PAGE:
Tuesday, August 02, 2005

A quick observation from my kung fu class

One thing that I have been noticing for some weeks now, is how the men and women in the class react differently to the act of punching a punch pad held by the instructor. The men tend to put in a lot of energy and aggression into whacking the pad, as if it had done them some grievous harm in a previous life. The women are much more timid, and have to be encouraged by the instructor in the act of giving the punch pad what for.

Part of this is, of course, down to physical strength, but it is not the whole story. The amount of personal effort and aggression the men put in seems proportionally to be greater than that supplied by the women (I am including myself here). I spoke to some of my female classmates about this, and we all seemed to be having a similar feeling: we felt kind of silly punching the pad, and found it hard to use it as a focus for our aggression, and we were worried about what it looked like.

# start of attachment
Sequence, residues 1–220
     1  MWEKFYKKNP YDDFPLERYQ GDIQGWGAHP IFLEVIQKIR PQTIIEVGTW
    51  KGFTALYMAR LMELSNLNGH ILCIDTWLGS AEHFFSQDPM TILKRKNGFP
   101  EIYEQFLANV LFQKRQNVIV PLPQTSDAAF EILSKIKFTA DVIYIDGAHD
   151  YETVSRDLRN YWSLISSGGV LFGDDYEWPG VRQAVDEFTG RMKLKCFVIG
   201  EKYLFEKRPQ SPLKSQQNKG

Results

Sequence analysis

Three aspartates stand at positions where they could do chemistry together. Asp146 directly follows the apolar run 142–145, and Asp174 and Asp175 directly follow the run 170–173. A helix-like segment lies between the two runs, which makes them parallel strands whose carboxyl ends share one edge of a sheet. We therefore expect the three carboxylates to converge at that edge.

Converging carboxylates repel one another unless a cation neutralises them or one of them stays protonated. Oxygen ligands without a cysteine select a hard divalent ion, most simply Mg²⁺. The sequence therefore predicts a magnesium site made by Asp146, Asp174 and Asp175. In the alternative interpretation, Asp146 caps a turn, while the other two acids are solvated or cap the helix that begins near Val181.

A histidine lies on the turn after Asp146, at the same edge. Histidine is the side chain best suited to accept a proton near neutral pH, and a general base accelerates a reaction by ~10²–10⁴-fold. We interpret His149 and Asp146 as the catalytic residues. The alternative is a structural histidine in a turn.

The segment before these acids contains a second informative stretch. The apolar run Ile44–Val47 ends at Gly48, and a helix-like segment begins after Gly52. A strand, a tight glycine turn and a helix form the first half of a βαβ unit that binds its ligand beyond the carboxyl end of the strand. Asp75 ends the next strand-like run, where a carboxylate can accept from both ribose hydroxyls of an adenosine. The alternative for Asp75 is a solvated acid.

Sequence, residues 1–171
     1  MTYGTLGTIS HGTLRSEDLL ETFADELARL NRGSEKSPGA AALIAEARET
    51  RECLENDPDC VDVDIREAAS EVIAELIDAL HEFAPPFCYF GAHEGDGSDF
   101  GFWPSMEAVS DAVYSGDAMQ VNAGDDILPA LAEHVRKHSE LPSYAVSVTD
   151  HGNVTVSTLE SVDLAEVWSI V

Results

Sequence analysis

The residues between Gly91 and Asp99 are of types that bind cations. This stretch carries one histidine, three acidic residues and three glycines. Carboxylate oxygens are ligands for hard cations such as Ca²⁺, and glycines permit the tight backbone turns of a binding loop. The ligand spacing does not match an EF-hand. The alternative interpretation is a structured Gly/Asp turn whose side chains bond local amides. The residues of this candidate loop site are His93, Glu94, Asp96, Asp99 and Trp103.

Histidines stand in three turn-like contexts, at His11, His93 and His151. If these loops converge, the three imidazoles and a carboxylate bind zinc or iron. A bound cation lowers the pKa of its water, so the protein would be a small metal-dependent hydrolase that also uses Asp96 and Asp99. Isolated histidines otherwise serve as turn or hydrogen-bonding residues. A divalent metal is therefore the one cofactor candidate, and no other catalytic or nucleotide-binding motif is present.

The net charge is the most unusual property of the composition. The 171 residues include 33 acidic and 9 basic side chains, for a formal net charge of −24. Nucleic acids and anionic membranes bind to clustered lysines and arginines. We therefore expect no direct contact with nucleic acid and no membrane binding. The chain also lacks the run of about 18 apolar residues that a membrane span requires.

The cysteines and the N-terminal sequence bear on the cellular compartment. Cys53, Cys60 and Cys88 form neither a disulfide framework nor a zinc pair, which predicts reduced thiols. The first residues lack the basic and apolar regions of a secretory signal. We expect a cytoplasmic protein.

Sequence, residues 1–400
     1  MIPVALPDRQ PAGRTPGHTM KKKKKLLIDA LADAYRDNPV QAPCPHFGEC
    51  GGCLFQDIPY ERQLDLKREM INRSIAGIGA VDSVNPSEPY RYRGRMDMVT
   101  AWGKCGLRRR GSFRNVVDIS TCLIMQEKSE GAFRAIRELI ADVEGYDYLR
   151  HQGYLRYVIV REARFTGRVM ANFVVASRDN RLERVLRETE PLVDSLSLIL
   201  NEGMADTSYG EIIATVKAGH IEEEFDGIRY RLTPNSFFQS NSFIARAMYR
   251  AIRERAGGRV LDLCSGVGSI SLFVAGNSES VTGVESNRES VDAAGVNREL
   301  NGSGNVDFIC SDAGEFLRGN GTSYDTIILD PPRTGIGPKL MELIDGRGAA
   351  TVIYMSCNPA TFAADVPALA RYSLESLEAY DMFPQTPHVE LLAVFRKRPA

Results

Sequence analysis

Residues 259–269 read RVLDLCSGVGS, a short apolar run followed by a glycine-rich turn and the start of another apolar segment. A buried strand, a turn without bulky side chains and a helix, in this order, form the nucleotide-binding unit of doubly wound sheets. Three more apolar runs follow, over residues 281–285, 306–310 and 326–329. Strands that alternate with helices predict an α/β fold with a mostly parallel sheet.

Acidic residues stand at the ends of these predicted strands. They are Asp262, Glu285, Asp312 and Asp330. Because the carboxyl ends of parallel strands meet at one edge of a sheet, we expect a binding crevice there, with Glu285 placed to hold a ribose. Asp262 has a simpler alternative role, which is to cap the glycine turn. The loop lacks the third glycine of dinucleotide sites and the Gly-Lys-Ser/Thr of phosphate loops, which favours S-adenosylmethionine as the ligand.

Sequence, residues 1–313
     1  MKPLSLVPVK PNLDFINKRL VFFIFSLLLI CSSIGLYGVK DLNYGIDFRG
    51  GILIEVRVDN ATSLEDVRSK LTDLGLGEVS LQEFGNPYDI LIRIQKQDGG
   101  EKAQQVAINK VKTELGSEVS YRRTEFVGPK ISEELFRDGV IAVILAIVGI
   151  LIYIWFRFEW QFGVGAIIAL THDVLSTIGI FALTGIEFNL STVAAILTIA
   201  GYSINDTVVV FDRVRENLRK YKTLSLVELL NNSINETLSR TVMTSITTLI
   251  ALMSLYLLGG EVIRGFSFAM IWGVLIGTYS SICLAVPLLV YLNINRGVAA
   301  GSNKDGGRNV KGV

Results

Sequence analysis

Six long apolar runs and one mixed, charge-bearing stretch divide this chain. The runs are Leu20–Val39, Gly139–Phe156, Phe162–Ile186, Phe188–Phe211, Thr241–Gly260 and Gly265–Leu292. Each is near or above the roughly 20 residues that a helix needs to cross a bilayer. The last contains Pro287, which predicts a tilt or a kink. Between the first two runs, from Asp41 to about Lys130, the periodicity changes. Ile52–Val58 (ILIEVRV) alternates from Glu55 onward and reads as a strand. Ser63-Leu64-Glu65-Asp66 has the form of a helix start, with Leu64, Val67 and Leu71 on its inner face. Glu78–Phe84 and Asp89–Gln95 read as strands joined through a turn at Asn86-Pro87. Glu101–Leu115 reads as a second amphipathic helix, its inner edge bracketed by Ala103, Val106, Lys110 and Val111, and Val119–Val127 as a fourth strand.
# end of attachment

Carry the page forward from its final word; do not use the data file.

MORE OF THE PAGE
Aggression, frustration, annoyance are emotions common to men and women and we know that it is better for the sufferer if they are expressed in a cathartic way that harms no-one else: punching the pad is perfect for this. But somehow we women found it incredibly difficult to allow ourselves to a) express such feelings (and thus admit to having them), and b) do so in front of others. We all felt that somehow we shouldn't be acting this way, that it was improper and unsuitable- we are used to having women's anger censured. A woman who expresses her rage in such a fashion is at risk of being considered 'masculine', as being considered wrong, as other than 'feminine' in a world where people are valued a great deal according to the extent to which they fit what society deems suitable for their sex.

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